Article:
The Rural Commons of India
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The women of Erakulapally – a small village two hours west of Hyderabad, India – spread a blanket onto the dusty ground and carefully made thirty piles of different seeds: their treasure, the symbols of their emancipation. A rich aroma wafts through the air.
For these women – all of them dalit, members of the poorest and lowest social caste in India – seeds are not just seeds. They are the vehicle for a remarkable transformation in their lives, local farming and their ecosystem.
Over the past twenty-five years, thousands of women in small villages in the Andhra Pradesh region of India have escaped from working as low-paid, bonded laborers, to become self-reliant farmers able to grow enough to feed their households. Food was once unaffordable and hunger common. Now the women can feed their families, often without having to buy anything in the market. Despite their status as dalits, they are no longer filled with fear and anxiety, but rather show great confidence and pride in themselves.
A group of us attending the recent conference of the International Association for the Study of the Commons drove out to meet the women last week. We were welcomed with a tasty millet-based drink and a short chorus of joyous singing. Our meeting was hosted by the Deccan Development Society (DDS), a grassroots organization that is helping the poorest rural women of India recover their rich traditions of sharing seeds and community-managed farming. The foyer of the building in which we met featured a “seed shrine” -- dozens of small clay pots filled to the brim with colorful seeds.
Every two years, the universe of scholars who study the commons converge on some spot on the planet to present their research findings, argue about theoretical models and party-hardy. Just kidding about that last one, but it is hard to imagine a more interesting party than 600 people from 90 countries around the world.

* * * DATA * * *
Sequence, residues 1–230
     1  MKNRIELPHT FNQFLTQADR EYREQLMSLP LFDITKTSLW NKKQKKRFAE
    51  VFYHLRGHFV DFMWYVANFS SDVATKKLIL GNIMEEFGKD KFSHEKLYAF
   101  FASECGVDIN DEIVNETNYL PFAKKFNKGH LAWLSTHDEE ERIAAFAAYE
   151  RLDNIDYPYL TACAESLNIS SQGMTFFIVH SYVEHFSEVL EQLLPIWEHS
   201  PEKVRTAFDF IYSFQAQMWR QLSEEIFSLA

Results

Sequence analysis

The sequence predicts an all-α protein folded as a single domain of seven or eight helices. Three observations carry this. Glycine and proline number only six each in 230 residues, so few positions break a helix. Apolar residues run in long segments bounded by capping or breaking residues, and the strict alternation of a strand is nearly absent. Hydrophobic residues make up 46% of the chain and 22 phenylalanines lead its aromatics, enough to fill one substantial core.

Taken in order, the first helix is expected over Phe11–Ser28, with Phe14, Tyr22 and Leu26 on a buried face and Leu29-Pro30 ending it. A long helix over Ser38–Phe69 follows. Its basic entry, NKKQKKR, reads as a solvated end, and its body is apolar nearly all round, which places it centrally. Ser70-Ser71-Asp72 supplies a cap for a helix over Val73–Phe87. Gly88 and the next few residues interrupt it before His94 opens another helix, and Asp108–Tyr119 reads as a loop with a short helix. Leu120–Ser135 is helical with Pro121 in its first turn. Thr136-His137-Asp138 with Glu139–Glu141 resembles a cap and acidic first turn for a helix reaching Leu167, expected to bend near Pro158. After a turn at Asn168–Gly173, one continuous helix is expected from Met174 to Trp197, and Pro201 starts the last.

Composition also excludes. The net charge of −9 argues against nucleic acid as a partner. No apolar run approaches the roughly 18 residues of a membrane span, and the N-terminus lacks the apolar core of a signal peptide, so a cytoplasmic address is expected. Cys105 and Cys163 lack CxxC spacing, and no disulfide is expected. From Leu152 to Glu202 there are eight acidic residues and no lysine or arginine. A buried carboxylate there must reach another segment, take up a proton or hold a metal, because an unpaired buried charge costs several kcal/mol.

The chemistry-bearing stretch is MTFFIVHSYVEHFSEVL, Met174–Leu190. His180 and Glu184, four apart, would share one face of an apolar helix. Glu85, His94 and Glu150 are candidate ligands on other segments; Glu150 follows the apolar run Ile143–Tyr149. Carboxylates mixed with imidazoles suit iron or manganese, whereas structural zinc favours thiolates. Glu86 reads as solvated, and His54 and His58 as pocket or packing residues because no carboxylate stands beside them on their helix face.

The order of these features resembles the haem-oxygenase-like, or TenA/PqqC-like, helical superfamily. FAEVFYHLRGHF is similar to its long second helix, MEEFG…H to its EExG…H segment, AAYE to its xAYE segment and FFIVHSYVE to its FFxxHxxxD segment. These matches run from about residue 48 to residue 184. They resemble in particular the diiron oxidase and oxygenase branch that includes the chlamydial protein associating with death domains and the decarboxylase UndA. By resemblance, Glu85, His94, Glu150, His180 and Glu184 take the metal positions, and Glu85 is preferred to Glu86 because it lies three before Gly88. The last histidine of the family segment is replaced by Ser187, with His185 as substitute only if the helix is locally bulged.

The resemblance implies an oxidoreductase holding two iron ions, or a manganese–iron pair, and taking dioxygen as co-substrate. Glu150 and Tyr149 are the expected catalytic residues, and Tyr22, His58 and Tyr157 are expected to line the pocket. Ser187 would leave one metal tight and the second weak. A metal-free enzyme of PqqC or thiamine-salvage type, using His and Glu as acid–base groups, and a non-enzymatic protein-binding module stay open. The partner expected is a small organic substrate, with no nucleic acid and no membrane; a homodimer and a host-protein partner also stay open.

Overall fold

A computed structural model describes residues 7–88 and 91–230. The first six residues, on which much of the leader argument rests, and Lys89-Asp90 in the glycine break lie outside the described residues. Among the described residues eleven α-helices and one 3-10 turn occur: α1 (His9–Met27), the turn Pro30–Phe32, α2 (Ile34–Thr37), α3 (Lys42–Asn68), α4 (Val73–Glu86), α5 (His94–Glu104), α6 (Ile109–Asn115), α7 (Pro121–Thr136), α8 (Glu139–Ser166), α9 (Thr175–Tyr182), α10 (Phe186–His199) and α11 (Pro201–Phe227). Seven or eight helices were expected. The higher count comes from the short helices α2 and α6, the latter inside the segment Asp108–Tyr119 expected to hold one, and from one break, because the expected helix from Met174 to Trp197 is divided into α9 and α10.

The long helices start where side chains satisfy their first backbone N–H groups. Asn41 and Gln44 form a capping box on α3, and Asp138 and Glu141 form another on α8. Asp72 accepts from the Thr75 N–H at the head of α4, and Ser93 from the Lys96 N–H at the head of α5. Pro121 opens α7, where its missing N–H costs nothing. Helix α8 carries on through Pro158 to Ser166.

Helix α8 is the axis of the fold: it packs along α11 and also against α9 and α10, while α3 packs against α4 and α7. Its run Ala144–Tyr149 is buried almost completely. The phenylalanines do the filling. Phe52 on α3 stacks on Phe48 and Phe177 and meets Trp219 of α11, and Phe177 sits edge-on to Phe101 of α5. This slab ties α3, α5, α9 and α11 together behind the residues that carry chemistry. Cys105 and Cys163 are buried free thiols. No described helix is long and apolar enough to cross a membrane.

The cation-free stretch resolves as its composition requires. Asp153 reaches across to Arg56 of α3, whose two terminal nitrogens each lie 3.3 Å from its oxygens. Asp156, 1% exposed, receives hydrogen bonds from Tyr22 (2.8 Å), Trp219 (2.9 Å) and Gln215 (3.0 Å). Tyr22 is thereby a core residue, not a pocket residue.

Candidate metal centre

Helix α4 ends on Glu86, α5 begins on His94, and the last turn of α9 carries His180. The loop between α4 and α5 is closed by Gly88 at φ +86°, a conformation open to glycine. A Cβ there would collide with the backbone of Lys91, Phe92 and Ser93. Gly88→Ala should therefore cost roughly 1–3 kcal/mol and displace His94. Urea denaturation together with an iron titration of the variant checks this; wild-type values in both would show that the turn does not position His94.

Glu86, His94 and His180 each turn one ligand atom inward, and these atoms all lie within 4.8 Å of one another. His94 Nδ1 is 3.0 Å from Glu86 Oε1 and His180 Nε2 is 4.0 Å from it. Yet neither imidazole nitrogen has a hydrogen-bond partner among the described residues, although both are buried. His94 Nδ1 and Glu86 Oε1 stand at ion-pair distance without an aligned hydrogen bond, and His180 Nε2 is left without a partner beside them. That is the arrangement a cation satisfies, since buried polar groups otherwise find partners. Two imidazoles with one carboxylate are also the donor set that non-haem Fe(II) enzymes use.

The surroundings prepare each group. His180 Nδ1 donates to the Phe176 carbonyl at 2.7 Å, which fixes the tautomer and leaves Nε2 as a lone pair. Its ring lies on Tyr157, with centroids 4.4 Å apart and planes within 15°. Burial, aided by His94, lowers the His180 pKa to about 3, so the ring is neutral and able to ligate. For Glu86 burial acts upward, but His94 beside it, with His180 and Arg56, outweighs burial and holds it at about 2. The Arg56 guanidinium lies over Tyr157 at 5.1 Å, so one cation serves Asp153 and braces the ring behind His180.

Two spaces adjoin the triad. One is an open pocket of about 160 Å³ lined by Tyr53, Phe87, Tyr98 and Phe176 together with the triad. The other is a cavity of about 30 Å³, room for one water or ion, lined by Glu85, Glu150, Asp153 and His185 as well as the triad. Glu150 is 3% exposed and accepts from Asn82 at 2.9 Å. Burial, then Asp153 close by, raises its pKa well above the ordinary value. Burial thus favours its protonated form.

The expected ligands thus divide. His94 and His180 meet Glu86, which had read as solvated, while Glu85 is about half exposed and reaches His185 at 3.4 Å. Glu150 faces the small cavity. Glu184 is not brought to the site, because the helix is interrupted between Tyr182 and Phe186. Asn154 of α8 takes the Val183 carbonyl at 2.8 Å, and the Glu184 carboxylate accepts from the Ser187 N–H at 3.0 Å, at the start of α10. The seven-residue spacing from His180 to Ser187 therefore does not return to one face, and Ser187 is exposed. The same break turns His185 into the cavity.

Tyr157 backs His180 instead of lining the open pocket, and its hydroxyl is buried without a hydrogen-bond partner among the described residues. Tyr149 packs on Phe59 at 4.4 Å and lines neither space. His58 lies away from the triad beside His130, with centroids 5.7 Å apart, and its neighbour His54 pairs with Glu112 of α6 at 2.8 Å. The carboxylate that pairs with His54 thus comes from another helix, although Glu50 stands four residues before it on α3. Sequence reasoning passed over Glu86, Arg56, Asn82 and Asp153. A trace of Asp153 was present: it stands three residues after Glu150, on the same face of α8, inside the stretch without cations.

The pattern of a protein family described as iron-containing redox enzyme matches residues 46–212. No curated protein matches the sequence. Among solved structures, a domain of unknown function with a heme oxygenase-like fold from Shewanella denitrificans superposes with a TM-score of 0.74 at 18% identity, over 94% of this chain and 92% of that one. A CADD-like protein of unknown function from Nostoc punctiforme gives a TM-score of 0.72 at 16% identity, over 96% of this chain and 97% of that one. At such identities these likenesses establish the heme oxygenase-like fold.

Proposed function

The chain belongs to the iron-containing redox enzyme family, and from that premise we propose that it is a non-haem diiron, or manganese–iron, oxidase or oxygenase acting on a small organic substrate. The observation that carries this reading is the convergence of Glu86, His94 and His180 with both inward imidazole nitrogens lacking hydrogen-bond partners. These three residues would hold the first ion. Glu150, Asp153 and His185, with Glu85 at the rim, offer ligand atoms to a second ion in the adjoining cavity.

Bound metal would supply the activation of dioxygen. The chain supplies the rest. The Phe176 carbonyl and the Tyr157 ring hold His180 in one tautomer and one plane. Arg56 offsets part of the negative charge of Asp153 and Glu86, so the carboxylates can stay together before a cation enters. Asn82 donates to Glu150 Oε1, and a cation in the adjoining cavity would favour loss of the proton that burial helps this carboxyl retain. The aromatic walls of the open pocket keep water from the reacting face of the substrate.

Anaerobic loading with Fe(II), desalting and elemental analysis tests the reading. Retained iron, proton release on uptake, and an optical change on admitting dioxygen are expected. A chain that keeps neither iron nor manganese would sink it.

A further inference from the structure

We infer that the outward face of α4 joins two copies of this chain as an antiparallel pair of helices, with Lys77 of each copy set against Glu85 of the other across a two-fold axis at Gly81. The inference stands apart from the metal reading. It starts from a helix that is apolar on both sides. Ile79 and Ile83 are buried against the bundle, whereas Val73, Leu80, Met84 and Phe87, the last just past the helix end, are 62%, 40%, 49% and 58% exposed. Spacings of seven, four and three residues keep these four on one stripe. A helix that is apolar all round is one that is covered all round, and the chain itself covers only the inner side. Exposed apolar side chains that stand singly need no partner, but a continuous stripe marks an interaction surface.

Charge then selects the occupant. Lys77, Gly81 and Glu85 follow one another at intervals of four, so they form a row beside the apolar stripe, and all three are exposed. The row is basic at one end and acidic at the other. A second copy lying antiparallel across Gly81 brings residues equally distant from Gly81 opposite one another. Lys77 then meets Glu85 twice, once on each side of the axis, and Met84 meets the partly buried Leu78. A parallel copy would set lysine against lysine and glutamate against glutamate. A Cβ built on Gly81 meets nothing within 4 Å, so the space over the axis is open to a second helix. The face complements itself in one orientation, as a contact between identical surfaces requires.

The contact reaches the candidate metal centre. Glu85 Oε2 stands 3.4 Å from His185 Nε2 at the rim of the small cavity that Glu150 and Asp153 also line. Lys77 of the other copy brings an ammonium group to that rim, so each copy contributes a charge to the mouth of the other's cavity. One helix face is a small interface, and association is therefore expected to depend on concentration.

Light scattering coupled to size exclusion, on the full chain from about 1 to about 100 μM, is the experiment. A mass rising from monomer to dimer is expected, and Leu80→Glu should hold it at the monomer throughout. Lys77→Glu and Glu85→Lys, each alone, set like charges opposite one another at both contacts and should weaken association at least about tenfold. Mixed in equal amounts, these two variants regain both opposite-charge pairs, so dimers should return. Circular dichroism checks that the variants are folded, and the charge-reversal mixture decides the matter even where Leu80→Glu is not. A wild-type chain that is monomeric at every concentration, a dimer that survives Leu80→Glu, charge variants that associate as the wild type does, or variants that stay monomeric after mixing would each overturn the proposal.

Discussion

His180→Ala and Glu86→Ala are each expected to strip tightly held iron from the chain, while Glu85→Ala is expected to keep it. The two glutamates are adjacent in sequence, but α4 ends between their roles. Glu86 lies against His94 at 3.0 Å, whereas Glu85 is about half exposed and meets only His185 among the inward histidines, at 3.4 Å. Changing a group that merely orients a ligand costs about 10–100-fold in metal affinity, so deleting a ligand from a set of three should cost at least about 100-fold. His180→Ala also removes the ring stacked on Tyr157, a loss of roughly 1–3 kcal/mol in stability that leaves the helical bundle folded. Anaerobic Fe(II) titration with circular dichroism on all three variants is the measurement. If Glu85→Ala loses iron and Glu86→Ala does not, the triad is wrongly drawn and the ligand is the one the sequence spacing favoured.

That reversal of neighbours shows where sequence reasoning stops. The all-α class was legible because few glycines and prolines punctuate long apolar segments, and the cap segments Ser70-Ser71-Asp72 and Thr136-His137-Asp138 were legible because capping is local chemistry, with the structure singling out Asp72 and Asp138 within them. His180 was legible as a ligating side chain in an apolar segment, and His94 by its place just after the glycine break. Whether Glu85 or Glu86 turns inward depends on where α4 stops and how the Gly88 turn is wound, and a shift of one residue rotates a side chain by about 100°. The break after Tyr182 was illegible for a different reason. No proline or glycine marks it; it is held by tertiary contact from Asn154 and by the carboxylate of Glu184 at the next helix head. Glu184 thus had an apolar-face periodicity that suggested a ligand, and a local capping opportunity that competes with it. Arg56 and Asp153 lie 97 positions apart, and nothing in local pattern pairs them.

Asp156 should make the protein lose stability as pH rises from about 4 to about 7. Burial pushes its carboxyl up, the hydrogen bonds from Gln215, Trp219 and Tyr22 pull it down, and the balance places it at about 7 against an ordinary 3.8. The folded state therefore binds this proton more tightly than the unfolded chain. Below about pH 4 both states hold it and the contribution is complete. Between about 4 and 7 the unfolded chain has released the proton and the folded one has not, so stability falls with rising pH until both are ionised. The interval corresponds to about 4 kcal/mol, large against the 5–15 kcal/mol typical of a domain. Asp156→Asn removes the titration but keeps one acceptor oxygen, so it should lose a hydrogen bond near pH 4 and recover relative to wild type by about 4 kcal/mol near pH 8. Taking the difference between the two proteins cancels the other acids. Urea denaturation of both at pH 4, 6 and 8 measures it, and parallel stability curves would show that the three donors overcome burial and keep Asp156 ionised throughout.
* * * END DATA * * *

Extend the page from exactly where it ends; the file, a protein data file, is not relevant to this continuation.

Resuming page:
I have encountered an Indian economist who has closely studied the role of women in improving the sustainability of forest commons in Nepal (Bina Agarwal), an Australian academic who has written about modern-day gleaning such as “dumpster diving” (James Arvanitakis), a British activist who helped pass a modern-day law to protect British common lands (Kate Ashbrook of the Open Spaces Society), an Indian-American who is studying how language shapes our ability to understand the commons (Vijaya Nagarajan), a Belgian historian of the European commons (Tine De Moor), among many others.
It is quite a pleasant shock to suddenly be around so many people who not only know what the commons is; they can get into some rather arcane and sophisticated arguments about it. The conference is skewed towards academics, however, which means that the policy and activist sensibility is somewhat muted. That’s too bad, but I hope it might change in the future.
There is also an emphatic focus on natural resource commons, with a very limited exploration of so-called “new commons,” by which the IASC academics mean commons that have arisen in unconventional realms such as the Internet. I find this too bad, because there is so much to be learned from digital commons, which are among the most robust commons out there. The phrase “new commons” is also vaguely off-putting because it privileges the natural resource commons so absolutely. Now I have an inkling of how Native Americans must have felt to have been “discovered.”
It is a sign of the predatory nature of markets today that a tradition that goes back 4,500 years now needs to affirmatively defend itself as a common legacy of humankind. Yes, the latest endangered resource is -- yoga.
Yoga was developed in India as a physical and spiritual practice for everyone. The breathing known as pranayama is perhaps the most elemental aspect of human existence. But wouldn't you know it -- all sorts of scheming entrepreneurs now want to convert yoga into "intellectual property."